IN THE INTERNET age, when we face a language barrier, there are a host of internet resources to solve it: things like translation apps, dictionary websites, versions of Wikipediain other languages, and the simple "click to translate" option. But there are about 7000 languages spoken in the world today. The top 10 or so are spoken by hundred of millions of speakers; the bottom third have 1000 speakers or fewer.
But in the murky middle ground are a couple hundred languages that are spoken by speakers in millions. These midsize languages are still fairly widely spoken, but they have vastly inconsistent levels of support online. There’s Swedish, which has 9.6 million speakers, the third-largest Wikipedia with over 3 million articles, and support in Google Translate, Bing Translate, Facebook, Siri, YouTube captions, and so on. But there’s also Odia, the official language of the Odisha state in India, with 38 million speakers, which has no presence in Google Translate. And Oromo, a language spoken by some 34 million people, mostly in Ethiopia, which has just 772 articles in its Wikipedia.
Why do Greek, Czech, Hungarian, and Swedish, with their 8 to 13 million speakers, have Google Translate support and robust Wikipedia presences, while languages the same size or larger, like Bhojpuri (51 million), Fula (24 million), Sylheti (11 million), Quechua (9 million), and Kirundi (9 million) languish in technological obscurity?
Part of the reason is that Greek, Czech, Hungarian, and Swedish are among the 24 official languages of the European Union, which means that a small hoard of human translators translate many official European Parliament documents every year. Human-translated documents make a great base for what linguists call a parallel corpus — a large mass of text that's equivalent, sentence-by-sentence, in multiple languages. Machine translation engines use parallel corpora to figure out regular correspondences between languages: if "regering" or "κυβέρνηση" or "kormány" or "vláda" all frequently appear in parallel to "government," then the machine concludes these words are equivalent.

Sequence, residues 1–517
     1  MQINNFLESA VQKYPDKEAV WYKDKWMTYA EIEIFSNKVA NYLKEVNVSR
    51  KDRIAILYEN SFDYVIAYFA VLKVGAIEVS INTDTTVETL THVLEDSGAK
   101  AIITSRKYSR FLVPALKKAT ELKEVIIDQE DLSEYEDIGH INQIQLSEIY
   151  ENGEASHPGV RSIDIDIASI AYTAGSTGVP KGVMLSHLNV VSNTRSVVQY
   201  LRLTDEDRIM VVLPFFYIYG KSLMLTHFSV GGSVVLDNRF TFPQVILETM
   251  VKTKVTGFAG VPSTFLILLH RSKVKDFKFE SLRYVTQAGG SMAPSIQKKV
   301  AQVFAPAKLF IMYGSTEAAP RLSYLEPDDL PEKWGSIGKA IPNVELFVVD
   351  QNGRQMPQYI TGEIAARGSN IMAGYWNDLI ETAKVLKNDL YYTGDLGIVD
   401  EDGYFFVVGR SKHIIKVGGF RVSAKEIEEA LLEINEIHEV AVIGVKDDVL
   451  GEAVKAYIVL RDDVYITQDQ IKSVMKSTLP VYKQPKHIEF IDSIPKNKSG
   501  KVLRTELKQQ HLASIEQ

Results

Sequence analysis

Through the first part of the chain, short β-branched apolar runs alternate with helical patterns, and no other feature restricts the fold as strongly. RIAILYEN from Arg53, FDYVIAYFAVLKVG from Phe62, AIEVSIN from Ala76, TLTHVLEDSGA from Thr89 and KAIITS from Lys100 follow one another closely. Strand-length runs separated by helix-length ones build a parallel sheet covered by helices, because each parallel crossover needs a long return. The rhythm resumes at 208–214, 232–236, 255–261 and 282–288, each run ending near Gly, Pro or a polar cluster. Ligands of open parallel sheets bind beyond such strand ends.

In order to be reasonably effective, machine translation requires an enormous parallel corpus for each language. Ideally, this corpus contains documents from a variety of genres: not just parliamentary proceedings but news reports, novels, film scripts, and so on. The machine can't translate informal social media posts very well if it's been trained only on formal legal documents. Translation tools are already scraping the bottom of the parallel corpus barrel: In many languages, the largest parallel translated text is the Bible, which leads to peculiar circumstances where Google translates nonsense syllables into prophecies of doom.
In addition to EU documents, Swedish, Greek, Hungarian, and Czech have a wealth of language resources, created one human at a time over centuries. They're the languages of entire nation-states, with national TV and radio recordings that can be used as the foundation for text-to-speech models. Their speakers have the kind of disposable income that makes media companies translate popular novels and subtitle foreign movies and TV shows. They're found in countries that tech companies imagine their customers might be living in or might at least visit on holiday, meaning it's worth localizing interfaces and adding them as translation options. They have regularized spelling systems and dictionaries that can be rolled into spellcheckers and predictive text models. They have highly literate speakers with internet access who can contribute to projects like Wikipedia. (Speakers who can even, in the case of Swedish, create a bot to automatically make basic Wikipedia articles for rivers, mountains, and other natural features.)